It is technical smuggling that harms agriculture, not outright smuggling. Now that the issue of smuggling is in the limelight again due to the shabu smuggling scandal, our legislative and executive branches should consider resurrecting a structure that combated smuggling successfully in the past. This is the Cabinet Oversight Committee against Smuggling (Cocas), which decreased smuggling by 25 percent, but was abolished because it caught “big fish.”
Lawyer Filamer Miguel, in her article “Smuggling 101,” explains technical smuggling. It “takes place when the goods and articles are brought into the country through fraudulent or erroneous declarations to substantially reduce….the payment of taxes, duties, and other charges.”
This generally takes three forms: undervaluation, misclassification and misdeclaration.
Undervaluation happens when an importer claims a cost for the product that is significantly below the reference value provided by the Department of Agriculture or Department of Trade and Industry. It also happens with insurance and freight charges. Both the tariff and value-added tax are based on a product’s CIF (cost, insurance, freight).
Undervaluation deprives the government of the revenue from both tariffs and taxes. As Section 3519 of the Tariff and Customs Code of the Philippines states, this refers to “all taxes, fees, and charges imposed by the BOC and the Bureau of Internal Revenue.”
Misclassification occurs when the product is claimed to be in a wrong category. For example, poultry choice cuts with a 40-percent tariff were misclassified as mechanical deboned meat (MDM) to take advantage of its zero tariff.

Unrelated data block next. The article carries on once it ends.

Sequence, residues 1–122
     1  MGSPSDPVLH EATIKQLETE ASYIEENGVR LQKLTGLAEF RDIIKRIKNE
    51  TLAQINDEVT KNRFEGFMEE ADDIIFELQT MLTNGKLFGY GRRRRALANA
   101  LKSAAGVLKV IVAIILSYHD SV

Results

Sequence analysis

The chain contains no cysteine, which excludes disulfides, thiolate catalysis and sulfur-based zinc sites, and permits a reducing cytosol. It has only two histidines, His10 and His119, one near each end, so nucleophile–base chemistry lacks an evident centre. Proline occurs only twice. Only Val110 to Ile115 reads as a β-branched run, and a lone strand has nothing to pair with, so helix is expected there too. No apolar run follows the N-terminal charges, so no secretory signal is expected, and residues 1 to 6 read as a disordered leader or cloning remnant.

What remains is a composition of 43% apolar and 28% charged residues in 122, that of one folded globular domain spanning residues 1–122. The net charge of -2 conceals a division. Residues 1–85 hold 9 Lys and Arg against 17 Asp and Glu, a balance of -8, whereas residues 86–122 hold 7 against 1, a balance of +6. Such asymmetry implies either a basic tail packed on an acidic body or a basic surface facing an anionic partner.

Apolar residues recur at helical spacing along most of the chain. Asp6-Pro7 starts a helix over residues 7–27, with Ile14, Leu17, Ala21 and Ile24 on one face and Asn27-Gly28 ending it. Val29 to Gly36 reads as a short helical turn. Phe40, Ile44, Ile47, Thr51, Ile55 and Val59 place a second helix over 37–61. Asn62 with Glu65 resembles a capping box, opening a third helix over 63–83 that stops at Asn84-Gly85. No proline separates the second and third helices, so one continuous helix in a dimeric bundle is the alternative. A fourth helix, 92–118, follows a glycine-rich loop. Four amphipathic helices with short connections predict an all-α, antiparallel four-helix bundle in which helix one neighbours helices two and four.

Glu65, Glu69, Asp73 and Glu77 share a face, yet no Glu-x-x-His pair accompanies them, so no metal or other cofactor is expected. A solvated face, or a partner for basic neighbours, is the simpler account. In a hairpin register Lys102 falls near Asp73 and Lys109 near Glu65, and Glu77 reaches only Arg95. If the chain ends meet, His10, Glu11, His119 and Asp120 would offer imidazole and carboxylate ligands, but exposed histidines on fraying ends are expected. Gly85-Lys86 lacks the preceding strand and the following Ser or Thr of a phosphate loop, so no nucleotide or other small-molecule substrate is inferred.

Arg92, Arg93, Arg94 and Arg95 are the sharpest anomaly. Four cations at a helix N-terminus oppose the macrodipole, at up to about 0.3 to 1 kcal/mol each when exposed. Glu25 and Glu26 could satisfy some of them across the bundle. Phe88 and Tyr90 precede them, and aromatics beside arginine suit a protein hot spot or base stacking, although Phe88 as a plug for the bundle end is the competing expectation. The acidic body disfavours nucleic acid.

Misdeclaration is when the product in question is clearly not what it is declared to be. Examples were when onions were declared as office equipment, and drugs were declared as vegetables.
The smuggling computed from United Nations Comtrade data is mostly technical smuggling. Export numbers of countries sending goods to the Philippines are compared with the BOC’s record of imports from these countries. The difference is largely smuggling.
After the Cocas was abolished despite the decreasing smuggling incidence from 8 percent to 6 percent in 2005, smuggling then steadily increased to 36 percent in 2014. In 2015, a significant change occurred. The Anti-Smuggling Committee of the National Competitiveness Council (NCC) started having its meetings right inside the conference room of the BOC.
This committee was largely ineffective before 2015 because it held its meetings outside BOC. Furthermore, it was composed of low-level officials. Instead of a secretary and undersecretaries that Cocas had, it mostly had division chiefs and consultants. Nevertheless, with meetings held at the BOC, transparency increased. The smuggling rate decreased.
But in November 2016, information given to the private sector largely stopped. A memorandum of agreement between the BOC and the Alyansa Agrikultura was signed to resume this flow. Unfortunately, Customs Deputy Commissioner Lachica was killed after he signed this MOA. Within the next few days, the Alyansa Agrikultura signatory was threatened thrice to likewise be killed. The information flow to the private sector has not been restored since then. Since January 2017, all meetings of the NCC’s Anti-Smuggling Committee have stopped.
On Sept. 4, at the Senate Blue Ribbon Committee meeting on smuggling, we talked to newly appointed Customs Commissioner Isidro Lapeña. He expressed interest in harnessing private sector participation in fighting smuggling. Also, some senators said they would consider the restoration of a high level structure like Cocas to replace NCC’s Anti-Smuggling Committee.
Sen. Panfilo Lacson should be commended for his Aug. 23 comprehensive exposé on today’s rampant smuggling. We should build on this by restoring both the private sector participation in fighting smuggling and supplement this with a Cabinet level oversight antismuggling committee. With Lapeña and these two added structural elements, we believe we can end today’s smuggling scourge.
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